Assoumani tells The Africa Report that as chairman of the AU, he’d prioritise fighting extremism and stopping the recent spate of “unconstitutional changes of government” — aka military coups — that have plagued Africa over the past couple of years. With peace and security under control, he said, African countries will be better equipped to tackle other challenges, including climate change.

If visitors want to continue to be able to vacation on the Indian Ocean island chain’s shores, he adds, the world needs to act.

“Every five years we have to rebuild our roads as the water level rises. These are things we experience every day,” Assoumani says. “That’s why this is a priority — and we’re telling other countries, please take pity on us.”

Ramkalawan says island states have a lot to offer Africa if anyone will listen. Year after year, he points out, Mauritius and Seychelles in the Indian Ocean and Cabo Verde in the Atlantic lead the Mo Ibrahim Index of African Governance on key metrics.

“We are showing Africa the way forward in terms of good governance, the rule of law, transparency, democracy,” he says.

“It’s those island states that come out first, but, of course, because you’ve got mainland Africa [we end up talking about] the green belt, about transportation moving from Angola to Ethiopia, talking about the exploitation of minerals,” Ramkalawan says. “These are things that we do not have. And I find that sometimes in those discussions, we tend to be left out, even though we are doing our best.”

Business troubles

Island states are also too often ignored when it comes to business and trade, Ramkalawan says.

“Even when we’re talking about investment, you see, we’re only 459 square kilometres. 50% of that is under protection. So there is no room for industrialisation.”

Likewise fishing, he said, is a finite industry threatened by over-exploitation across the region.

“The fish don’t carry Seychelles passports,” he says.

As a result, tourism will remain the mainstay of the country’s economy for the long term even as the tech sector continues to grow.

“Even when we talk about diversification of the economy, it is quite limited,” Ramkalawan says.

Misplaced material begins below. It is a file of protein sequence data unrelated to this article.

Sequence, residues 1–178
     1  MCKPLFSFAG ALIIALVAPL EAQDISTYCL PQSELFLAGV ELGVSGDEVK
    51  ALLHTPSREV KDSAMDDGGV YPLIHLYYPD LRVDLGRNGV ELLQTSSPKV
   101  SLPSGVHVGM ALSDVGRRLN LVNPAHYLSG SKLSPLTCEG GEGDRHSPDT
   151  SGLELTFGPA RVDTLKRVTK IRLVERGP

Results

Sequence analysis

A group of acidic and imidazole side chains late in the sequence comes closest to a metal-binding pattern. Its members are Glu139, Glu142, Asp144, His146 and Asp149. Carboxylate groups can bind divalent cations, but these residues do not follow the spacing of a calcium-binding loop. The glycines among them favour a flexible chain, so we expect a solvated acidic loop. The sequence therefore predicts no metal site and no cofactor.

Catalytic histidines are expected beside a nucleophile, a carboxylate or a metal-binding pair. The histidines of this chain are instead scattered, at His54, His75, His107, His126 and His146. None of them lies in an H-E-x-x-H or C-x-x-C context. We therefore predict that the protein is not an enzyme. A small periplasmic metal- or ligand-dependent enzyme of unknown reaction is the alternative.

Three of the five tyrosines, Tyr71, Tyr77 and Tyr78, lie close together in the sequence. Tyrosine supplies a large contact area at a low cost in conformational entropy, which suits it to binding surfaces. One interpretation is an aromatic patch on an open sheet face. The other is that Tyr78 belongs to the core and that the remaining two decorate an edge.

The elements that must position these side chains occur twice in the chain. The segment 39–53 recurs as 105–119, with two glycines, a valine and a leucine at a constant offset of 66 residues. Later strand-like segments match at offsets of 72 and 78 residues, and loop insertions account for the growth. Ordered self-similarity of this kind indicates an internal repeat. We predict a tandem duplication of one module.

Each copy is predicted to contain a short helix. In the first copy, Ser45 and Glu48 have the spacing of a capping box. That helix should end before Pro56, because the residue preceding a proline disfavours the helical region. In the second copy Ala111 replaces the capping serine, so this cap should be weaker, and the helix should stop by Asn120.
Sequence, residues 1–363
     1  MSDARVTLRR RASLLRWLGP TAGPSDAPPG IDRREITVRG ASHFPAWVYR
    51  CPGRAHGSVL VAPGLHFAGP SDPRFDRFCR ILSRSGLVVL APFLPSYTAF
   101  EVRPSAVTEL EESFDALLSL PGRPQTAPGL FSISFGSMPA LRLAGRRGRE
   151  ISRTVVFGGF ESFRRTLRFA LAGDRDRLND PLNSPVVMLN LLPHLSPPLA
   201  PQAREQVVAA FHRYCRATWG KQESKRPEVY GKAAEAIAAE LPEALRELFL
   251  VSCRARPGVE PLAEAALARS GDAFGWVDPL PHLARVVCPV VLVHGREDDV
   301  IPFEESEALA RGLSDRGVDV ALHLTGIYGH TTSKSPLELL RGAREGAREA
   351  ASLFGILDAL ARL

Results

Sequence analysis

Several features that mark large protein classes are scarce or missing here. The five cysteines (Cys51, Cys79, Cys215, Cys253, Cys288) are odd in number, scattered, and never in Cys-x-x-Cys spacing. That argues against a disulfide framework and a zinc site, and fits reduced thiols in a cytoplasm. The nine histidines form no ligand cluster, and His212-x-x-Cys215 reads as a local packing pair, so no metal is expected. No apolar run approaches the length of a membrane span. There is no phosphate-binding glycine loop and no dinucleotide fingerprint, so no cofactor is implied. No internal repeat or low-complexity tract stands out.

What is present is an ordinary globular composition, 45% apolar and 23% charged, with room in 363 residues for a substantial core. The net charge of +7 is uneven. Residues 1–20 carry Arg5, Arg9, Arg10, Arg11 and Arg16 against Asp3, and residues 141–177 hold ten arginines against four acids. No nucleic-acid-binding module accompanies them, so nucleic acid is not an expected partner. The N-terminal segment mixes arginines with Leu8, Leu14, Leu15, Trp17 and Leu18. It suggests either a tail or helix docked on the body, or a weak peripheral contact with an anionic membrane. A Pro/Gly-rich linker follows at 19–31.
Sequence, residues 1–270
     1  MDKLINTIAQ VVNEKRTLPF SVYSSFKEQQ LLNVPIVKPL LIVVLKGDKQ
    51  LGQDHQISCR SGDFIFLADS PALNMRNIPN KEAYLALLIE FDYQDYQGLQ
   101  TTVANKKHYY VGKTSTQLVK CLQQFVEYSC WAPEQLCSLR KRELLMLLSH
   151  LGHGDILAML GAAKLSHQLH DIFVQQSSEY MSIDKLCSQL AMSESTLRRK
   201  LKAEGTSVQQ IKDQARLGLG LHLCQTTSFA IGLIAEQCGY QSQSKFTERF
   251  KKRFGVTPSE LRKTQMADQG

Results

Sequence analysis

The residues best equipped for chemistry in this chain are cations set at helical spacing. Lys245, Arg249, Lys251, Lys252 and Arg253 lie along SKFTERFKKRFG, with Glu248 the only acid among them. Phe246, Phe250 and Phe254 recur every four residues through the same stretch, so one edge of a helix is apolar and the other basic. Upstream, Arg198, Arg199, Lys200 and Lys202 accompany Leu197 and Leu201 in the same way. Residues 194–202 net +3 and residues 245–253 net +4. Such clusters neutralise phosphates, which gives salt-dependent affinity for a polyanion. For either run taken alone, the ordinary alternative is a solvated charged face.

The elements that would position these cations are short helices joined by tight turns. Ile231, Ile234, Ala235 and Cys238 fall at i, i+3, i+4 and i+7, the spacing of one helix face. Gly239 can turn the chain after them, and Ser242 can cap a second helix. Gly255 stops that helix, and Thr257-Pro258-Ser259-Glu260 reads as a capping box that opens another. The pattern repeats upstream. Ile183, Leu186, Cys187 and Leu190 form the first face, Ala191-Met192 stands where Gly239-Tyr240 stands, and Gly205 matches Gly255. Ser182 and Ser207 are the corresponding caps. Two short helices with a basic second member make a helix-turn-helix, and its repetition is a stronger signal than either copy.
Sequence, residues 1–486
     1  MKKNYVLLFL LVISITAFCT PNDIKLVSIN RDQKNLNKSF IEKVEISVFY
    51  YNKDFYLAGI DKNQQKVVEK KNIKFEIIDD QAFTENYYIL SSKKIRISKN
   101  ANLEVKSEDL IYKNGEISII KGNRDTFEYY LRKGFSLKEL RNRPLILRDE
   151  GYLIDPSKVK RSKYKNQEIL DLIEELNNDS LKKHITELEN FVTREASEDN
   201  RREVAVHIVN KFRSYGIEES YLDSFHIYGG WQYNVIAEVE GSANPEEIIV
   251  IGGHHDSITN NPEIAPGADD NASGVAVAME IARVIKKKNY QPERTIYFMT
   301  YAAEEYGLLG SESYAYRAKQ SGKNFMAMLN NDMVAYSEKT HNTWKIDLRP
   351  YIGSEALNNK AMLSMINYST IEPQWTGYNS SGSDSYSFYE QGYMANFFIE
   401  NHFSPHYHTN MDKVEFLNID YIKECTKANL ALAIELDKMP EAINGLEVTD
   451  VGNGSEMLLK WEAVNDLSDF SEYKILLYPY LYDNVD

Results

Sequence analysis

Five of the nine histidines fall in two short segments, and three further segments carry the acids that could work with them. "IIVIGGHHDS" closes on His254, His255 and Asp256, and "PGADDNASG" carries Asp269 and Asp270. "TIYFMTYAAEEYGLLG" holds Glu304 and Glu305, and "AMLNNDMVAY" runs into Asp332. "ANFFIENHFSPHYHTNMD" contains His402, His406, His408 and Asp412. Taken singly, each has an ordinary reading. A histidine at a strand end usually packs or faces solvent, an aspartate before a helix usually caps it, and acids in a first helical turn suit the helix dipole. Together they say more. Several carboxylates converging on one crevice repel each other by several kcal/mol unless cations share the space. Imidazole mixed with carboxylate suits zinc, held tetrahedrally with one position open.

Marimoutou also believes that island states have “specific needs and deserve a specific treatment, especially as the Indian Ocean is a strategic theatre where the issues of influence, mobility, and coastal and islands’ fragility are complex.”

Every five years we have to rebuild our roads as the water level rises. These are things we experience every day … That’s why this is a priority — and we’re telling other countries, please take pity on us.

While the mainland looks to build cross-border infrastructure such as roads and railways, the islands have their own unique needs.

“Our roads are oceanic, our [train] stations are ports or airports,” Marimoutou says. “The African islands are facing an immense climate challenge, which is fully experienced by our populations. We are calling for differentiated treatment, easier access to climate financing and concrete and visible consideration of island specificities at the AU level.”

Help wanted

Priorities include the Multi-dimensional Vulnerability Index, or MVI – a proposed United Nations tool that would help small island developing states (SIDS) become eligible for more financing to address their vulnerability to climate change.

Ramkalawan has been named to the high-level committee looking at issues that small island states are facing.

“I can tell you that right now, as we push for the MVI to be accepted, we will also make it clear that we do not want to take concessionary financing from countries that are less well off,” the Seychellois leader said at the Atlantic Council. “We simply want to have access to the funding, so that we can improve the lives of our people, whilst at the same time […] showing a better example to other countries and other islands.”

Marimoutou says regional partnerships are key to improving the climate finance outlook for Africa.